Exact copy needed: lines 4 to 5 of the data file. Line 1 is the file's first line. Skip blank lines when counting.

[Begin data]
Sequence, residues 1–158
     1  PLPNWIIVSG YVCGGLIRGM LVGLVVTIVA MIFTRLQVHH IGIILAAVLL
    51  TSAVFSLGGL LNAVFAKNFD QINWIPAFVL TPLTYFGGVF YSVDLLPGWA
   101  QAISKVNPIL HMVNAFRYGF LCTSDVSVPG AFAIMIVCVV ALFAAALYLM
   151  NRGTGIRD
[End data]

   101  QAISKVNPIL HMVNAFRYGF LCTSDVSVPG AFAIMIVCVV ALFAAALYLM
   151  NRGTGIRD